Climate change could cause the U.K. to face a water shortage in 20 to 25 years, according to an environmental official who referred to water demand surpassing supply as the “jaws of death.”
Environment Agency chief executive Sir James Bevan spoke of the harrowing possibility at the Waterwise Conference, an annual water efficiency conference in England. A transcript of Bevan’s speech has been posted on the U.K.’s government website.
In his speech, Bevan described the “jaws of death” — which occurs in a graph that he’s seen “in all the water companies’ business plans.” The graph shows an X/Y axis with increasing water demand over time, and a decreasing supply due to the effects of climate change. The point where those lines cross is the “jaws of death.”
Bevan said that climate change and population growth create an “existential threat” in the U.K. Hotter and drier summers will have significant effects:
“That will mean more water shortages: by 2050, the amount of water available could be reduced by 10-15%, with some rivers seeing 50%-80% less water during the summer months. It will mean higher drought risk, caused by the hotter drier summers and less predictable rainfall.
Result: on the present projections, many parts of our country will face significant water deficits by 2050, particularly in the south east where much of the UK population lives.”
The fact is that we won’t have long term water security unless all of us change our behaviour. We all need to use less water and use it more efficiently. #WaterwiseConference2019 pic.twitter.com/BEVEKOz352
— James Bevan (@JamesBevanEA) March 19, 2019
Solving The Problem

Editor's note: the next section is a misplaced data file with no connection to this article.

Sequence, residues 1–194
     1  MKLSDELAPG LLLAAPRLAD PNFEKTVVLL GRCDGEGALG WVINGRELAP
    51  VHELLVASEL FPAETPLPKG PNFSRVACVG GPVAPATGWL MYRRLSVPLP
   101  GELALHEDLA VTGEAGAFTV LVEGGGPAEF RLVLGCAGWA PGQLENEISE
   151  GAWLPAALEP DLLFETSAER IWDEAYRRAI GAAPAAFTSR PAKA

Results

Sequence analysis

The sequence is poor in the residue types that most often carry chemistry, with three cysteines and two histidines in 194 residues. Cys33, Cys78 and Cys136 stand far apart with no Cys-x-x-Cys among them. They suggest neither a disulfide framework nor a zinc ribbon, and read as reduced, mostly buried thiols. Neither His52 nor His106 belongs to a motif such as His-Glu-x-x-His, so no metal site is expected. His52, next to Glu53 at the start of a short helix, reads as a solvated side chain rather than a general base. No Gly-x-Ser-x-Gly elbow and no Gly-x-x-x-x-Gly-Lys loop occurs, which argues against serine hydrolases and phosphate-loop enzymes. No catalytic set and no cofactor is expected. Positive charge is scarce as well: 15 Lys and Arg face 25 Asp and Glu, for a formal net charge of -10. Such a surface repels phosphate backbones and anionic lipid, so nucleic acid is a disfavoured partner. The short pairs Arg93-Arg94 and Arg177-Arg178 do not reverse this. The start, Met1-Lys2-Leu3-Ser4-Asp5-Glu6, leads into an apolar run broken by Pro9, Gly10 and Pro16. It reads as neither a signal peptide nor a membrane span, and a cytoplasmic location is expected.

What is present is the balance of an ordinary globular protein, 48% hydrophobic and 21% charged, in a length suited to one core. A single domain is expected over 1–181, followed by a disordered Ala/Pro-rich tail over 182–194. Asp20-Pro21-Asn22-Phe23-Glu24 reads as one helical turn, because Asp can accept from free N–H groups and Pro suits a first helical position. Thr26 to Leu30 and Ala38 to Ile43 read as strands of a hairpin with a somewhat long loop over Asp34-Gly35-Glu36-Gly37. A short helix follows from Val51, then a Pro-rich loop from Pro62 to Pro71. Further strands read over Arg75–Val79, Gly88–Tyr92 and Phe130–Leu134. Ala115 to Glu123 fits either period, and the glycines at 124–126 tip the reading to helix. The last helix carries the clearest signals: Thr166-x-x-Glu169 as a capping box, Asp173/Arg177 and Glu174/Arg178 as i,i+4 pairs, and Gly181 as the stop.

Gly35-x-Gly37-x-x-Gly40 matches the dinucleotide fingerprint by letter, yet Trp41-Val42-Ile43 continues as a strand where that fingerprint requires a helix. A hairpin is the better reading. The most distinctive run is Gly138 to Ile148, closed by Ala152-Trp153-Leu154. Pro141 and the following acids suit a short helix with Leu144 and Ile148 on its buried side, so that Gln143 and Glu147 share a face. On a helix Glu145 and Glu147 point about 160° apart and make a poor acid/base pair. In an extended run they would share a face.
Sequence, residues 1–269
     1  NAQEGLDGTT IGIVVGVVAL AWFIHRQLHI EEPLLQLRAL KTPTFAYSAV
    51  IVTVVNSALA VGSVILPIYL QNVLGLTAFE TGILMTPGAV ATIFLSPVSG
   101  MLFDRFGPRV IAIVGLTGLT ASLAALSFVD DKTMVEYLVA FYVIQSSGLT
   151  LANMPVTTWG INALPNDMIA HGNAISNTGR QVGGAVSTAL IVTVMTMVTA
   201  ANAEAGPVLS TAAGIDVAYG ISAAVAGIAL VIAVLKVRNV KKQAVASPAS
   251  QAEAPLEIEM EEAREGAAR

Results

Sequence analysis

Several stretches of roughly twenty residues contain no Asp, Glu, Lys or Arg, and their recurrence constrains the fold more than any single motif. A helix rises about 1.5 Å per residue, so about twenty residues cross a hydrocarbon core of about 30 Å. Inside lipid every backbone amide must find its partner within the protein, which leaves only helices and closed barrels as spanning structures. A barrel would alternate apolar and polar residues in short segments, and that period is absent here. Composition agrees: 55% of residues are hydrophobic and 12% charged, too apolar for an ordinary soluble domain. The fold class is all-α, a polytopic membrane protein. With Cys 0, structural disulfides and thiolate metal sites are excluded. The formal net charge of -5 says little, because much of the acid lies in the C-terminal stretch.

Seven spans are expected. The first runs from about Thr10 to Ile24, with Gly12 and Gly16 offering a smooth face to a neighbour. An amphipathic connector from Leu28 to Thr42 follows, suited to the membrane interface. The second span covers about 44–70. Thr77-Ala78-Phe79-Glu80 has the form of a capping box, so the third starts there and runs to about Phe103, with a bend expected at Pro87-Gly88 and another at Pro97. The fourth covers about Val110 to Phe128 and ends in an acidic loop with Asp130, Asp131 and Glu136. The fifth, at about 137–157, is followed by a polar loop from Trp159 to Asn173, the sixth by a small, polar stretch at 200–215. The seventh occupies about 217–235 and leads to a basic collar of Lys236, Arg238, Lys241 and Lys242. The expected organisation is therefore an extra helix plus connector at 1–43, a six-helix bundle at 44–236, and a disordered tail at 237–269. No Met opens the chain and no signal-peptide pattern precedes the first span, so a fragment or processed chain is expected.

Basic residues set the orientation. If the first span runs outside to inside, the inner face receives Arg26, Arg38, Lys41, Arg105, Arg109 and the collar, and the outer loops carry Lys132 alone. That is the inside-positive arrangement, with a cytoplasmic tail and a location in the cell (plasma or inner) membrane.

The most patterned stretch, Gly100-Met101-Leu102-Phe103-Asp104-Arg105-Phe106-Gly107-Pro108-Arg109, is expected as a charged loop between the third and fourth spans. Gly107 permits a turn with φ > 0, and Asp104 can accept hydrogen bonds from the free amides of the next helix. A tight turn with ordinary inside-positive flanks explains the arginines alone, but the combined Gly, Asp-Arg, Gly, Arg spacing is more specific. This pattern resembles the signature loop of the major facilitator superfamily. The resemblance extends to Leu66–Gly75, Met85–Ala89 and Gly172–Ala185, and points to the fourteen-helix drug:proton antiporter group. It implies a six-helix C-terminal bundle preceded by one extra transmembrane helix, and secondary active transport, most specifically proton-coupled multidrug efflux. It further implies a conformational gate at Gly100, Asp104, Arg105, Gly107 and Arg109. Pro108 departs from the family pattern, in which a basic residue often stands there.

To tackle the issue, Bevan says the U.K. must “push all the buttons” — that is, take action in a number of ways. He says the U.K. must concentrate on reducing demand, and it can do so by “reducing leakage, by more water metering, sustainable drainage systems, insisting on new building regulations to drive greater water efficiency, and finding ways to cut down the amount of water we each use as individuals.”
To increase supply, Bevan backs water transfers between regions, and the building of more desalination plants and new reservoirs. He noted that a new reservoir hasn’t been built in the U.K. in decades, for a number of reasons.
He compared the National Infrastructure Commission’s estimated costs of investing in water resilience (£21 billion) with the cost of “an extreme drought” (£40 billion). His own agency also produced a report, which “calculated that while a severe drought would cost each household more than £100, the cost per household of the investment that would greatly reduce the risk was only £4 a year.”
Bevan’s speech covered a number of other ways everyone can get involved to mitigate the effects of climate change on the U.K. water supply — including the government, regulators, water companies, his agency, and the public. He sees a need to use less water, and use it more efficiently. And not to waste it:
“We need water wastage to be as socially unacceptable as blowing smoke in the face of a baby or throwing your plastic bags into the sea. We need everyone to take responsibility for their own water usage.”
Bevan set an informal goal as his speech came to an end, saying:
“If by 2050 we reduced per capita consumption to 100 litres a day, leakage by 50%, and did nothing else, it would provide enough water for an additional 20 million people without taking any more from the environment.”
Bevan also briefly touched upon the U.K.’s Future Homes Standard in his speech as a way to mitigate climate change. That standard, which is soon to be announced in full, aims to reduce energy bills and environmental impact in U.K. homes in part by setting up all new homes for low-carbon heating.
Climate change is unpredictable, but if water companies in the U.K. are already planning to adjust for a “jaws of death” water shortage scenario, that tells you something. It’s never too early — or too late — to invest in the future. Even if the effects of climate change aren’t as devastating quite as early as some timelines predict, the “downside” is improved, modernized, more resilient infrastructure.
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